Many spiritual traditions have relied on meditation for pain relief throughout the centuries, and recent scientific studies have shown that this practice seems to actually work. Both brain scans and people’s reported experiences suggest that the body's perception of pain is significantly changed by certain meditative practices, generally reducing the overall feeling of pain to a degree that rivals some of the strongest pain medications. Scientists are still somewhat unclear about the reasons why meditation for pain relief is effective, and there are slightly differing theories in both the spiritual and scientific communities. Some people are still somewhat skeptical about the reported results because of the methods used in laboratory tests, while others think that meditation may actually be even more effective on certain kinds of chronic pain in real-life situations.
Generally speaking, when people try to use meditation for pain relief, the techniques revolve around focusing on the breathing, or pondering certain concepts. By focusing and relaxing, people are often able to let their thoughts manifest and disappear without actually making any emotional judgments. The mental state created by this activity seems to generate certain effects in the body and mind, some of which seem to help people with pain relief.
Some people believe that the activity of meditating releases certain endorphins in the body that help reduce pain. Others think that the main effectiveness of the method comes from the way people feel emotionally about their pain and has very little to do with physiological aspects. For a long time, scientists mostly tended to agree with the second group and felt that meditations' effectiveness was probably just a question of perception, but some recent information, particularly a study by an expert named Fadel Zeidan from Wake Forest University, has caused some experts to reconsider.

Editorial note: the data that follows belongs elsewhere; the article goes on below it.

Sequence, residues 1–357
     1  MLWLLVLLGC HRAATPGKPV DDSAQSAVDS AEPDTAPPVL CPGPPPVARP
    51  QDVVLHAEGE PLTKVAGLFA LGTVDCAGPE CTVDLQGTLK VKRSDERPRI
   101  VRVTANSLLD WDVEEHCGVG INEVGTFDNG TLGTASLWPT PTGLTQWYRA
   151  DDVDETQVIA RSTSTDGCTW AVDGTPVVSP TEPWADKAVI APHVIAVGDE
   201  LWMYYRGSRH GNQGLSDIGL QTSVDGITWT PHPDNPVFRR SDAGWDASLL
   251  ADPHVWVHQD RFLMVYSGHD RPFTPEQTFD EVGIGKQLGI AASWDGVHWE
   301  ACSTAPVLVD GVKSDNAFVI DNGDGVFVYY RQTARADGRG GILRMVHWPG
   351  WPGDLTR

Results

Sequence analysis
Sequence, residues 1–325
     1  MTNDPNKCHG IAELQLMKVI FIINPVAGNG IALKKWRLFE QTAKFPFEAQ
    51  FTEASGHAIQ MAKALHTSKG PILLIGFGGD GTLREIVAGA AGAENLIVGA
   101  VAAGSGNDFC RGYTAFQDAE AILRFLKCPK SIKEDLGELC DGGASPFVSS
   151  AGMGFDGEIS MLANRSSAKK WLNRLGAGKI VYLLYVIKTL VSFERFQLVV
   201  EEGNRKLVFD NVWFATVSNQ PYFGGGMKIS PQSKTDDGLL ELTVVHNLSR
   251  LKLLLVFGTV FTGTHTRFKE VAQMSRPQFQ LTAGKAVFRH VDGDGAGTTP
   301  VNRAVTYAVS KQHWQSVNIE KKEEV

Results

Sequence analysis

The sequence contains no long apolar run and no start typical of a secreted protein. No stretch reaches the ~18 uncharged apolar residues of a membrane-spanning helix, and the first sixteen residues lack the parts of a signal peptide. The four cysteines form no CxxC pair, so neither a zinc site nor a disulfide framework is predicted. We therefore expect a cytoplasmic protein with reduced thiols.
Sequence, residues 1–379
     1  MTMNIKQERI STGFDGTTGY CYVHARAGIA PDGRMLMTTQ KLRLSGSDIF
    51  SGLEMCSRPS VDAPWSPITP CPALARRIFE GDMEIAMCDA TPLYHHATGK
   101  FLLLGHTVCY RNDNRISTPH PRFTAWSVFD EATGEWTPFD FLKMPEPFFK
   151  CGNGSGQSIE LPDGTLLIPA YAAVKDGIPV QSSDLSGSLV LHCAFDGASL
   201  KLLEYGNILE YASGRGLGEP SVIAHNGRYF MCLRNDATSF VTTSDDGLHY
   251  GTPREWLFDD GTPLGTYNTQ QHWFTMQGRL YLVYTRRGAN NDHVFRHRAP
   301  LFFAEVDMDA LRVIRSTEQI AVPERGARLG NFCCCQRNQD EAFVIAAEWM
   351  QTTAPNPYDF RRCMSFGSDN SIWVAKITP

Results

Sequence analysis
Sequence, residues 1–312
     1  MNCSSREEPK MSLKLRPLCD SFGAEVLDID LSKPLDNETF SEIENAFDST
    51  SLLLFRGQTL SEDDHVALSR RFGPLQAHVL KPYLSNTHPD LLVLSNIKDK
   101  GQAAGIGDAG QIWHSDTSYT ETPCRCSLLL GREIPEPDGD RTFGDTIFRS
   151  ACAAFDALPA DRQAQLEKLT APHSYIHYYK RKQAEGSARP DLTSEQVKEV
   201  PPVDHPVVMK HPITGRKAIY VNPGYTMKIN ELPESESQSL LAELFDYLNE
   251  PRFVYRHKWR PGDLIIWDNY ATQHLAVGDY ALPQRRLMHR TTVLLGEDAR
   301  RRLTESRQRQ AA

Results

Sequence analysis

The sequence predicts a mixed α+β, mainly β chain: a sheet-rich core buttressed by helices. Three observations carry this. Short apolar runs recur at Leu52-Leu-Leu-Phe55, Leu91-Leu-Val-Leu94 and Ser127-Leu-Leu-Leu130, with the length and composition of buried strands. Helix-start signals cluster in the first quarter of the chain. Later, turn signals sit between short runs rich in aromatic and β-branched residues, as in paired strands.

According to the study, not only do people report significant pain reduction after performing meditation, but brain scans seem to show that the activity in the brain's pain centers decreases to a significant degree. In the tests, people had noticeable pain reduction with only a minimal training in meditation, which contradicts some earlier ideas that many months of training would be required before meditation could be helpful for pain. The amount of pain reduction was a significant improvement over what people generally experience when using morphine under similar circumstances, which generally surprised researchers.
Some skeptics question the credibility of some of the lab tests because they don’t believe the pain used in the tests — generated through a mildly uncomfortable level of heat — was significant enough. These experts believe that the effectiveness of meditation for pain relief might be much less noticeable in other circumstances or in situations where someone has to deal with chronic pain on a day to day basis. Others think that meditation might be even more effective for chronic pain in real life than it was in the lab tests, especially for pain that can’t be treated easily with medication.